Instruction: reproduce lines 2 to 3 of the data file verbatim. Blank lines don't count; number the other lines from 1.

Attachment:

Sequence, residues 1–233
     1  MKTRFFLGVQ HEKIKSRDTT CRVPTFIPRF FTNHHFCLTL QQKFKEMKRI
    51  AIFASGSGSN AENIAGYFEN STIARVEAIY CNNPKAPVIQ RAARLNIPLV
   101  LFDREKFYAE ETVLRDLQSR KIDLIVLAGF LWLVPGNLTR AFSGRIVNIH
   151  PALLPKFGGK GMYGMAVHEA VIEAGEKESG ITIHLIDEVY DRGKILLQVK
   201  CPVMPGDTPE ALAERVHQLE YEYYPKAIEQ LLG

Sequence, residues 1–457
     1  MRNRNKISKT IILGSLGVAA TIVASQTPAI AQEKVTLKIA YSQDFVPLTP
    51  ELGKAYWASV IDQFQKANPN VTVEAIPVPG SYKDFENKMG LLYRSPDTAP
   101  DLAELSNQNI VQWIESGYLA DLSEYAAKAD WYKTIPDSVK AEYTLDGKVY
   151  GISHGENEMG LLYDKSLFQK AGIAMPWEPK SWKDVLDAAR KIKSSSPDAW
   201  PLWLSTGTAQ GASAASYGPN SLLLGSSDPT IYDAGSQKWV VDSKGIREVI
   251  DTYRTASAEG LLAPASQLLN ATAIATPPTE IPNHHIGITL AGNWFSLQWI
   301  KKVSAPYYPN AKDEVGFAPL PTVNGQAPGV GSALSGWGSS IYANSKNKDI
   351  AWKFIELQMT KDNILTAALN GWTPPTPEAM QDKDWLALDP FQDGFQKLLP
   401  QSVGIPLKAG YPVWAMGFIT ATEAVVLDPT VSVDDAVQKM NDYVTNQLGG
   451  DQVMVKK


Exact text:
     1  MKTRFFLGVQ HEKIKSRDTT CRVPTFIPRF FTNHHFCLTL QQKFKEMKRI
    51  AIFASGSGSN AENIAGYFEN STIARVEAIY CNNPKAPVIQ RAARLNIPLV